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Back to school … voluntarily – Senior Planet



Gwen Garvey can not wait for the school to begin. She does not know how many courses she will attend or which topics she will study, but she still can not wait. Once the catalog comes out, it will decide. And if the story repeats, she'll probably take several courses.

Garvey, 75, lives in Beaufort, South Carolina, and she is one of the star students at her local Osher Lifelong Learning Institute, affectionately referred to as OLLI by veterans. It is a nationwide program now available at 124 locations for people over 50 years of age. All programs are affiliated to universities. The Bernard Osher Foundation, founded by the philanthropist, awards scholarships for the programs.

"I take 29 or 30 hours per semester," says Garvey. It all started when her longtime friend Kathleen Jordan, who works in the curriculum committee of the University of South Carolina's OLLI program at Beaufort, thought six years ago that it would be a good activity after the death of Garvey's husband Jim.

] "She had no idea what she could open," says Garvey. Since then, Garvey has taken several courses in local history, horticulture, herbs and dirt. That's the class that taught her to read the class description before enrolling, she laughs. She made her way to a class and thought it was a juicy gossip.

"People came in with scumbags and they looked like they were bringing their manure bag," Garvey says. Always a good sport, she stayed, even though she was dirt free. "I've heard from various layers that there are fossils in our soil, most of it is sandy, and no matter what you plant, you do not get much to grow." With all this new knowledge in her, Garvey says : "I always have something to contribute when I go to a cocktail party."

Nationwide coverage

Each state and the District of Columbia have at least one OLLI program, says David Blazevich, senior program director of the Bernard Osher Foundation. "People join in the joy of learning and discovering," says Blazevich, "but we also want them to find fellowship." There are no educational requirements, no exams, no grades.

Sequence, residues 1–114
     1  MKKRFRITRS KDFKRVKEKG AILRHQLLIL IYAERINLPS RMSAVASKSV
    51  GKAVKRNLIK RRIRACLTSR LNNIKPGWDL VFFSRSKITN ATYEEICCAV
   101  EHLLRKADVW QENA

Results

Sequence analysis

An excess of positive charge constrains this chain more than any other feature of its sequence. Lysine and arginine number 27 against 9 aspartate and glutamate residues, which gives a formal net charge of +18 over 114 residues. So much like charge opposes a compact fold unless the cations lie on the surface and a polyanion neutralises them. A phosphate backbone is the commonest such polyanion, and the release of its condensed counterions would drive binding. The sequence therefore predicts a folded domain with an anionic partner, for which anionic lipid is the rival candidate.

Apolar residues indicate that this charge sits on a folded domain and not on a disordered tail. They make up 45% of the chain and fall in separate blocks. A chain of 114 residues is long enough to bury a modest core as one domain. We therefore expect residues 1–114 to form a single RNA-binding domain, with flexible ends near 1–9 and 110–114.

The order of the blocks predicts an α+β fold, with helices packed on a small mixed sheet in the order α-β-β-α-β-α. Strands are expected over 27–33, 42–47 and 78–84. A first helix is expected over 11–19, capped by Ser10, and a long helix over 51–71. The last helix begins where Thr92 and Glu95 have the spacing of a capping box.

Each program develops its own syllabus at the local level. The offer ranges from art, music, history, science, technology to current events. Genealogy, writing classes, performance groups and even bands.

Bernard Osher is a figurehead for lifelong learning. "Mr. Osher is now 91

and does an independent study, "says Blazevich. At the age of 80 he started to play the piano. He has taken up fly fishing.

The Joy of Volunteering

Jordan from the Beaufort program can not wait for the school year to begin. She has volunteered for the past 12 years and is giving up the hours of a full-time job when she prepares. One of her roles is to find unpaid teachers. No problem, she finds. So far, "our teachers include rocket scientists, artists, business leaders, ecology experts," and others, she says. "We have an instructor who was a marine biologist and also a Cuban haven when he was 7 years old." His offer includes a class for cigar smoking. "Most of my students are women," he says. "You would be surprised how many women smoke cigars." He tells them how cigars are made and what to look for when buying them. Although there is no instructor payment, but a repayment. Jimenez and his wife manage Tacaron, a boutique for cigars, wine and Cuban coffee.

Jordan's husband, Jim, has published three books on history and architecture in the area and teaches sessions on his subject sessions.

Details

Offers vary in different locations, but the Beaufort program offers around 400 courses in winter and spring, says Jordan, and another 50 in the summer. "Most are a session, usually just a few hours, and always with a Q and A," says Jordan. For other OLLIs, however, the lessons are longer, possibly 8 weeks a week.

The annual membership fees vary as well. In the Beaufort OLLI it is $ 40; Students can pay $ 120 per semester for unlimited courses, if seats are available, or pay between $ 10 and $ 20 per course, depending on the season and course. About 1,500 are members of the Beaufort program, Jordan estimates.

If Gwen Garvey has anything to do with it, those numbers will increase. As she goes about her routine, including a daily morning bath, she says, "I'm telling everyone about the classes. Actually I should let me make a business card. "

And it would mean? "Gwen Garvey. Let me tell you about OLLI.

It's your turn: curious if your area has an OLLI? The list is here.

If you had the opportunity, which subject would you teach ? Let us know in the comments!

                


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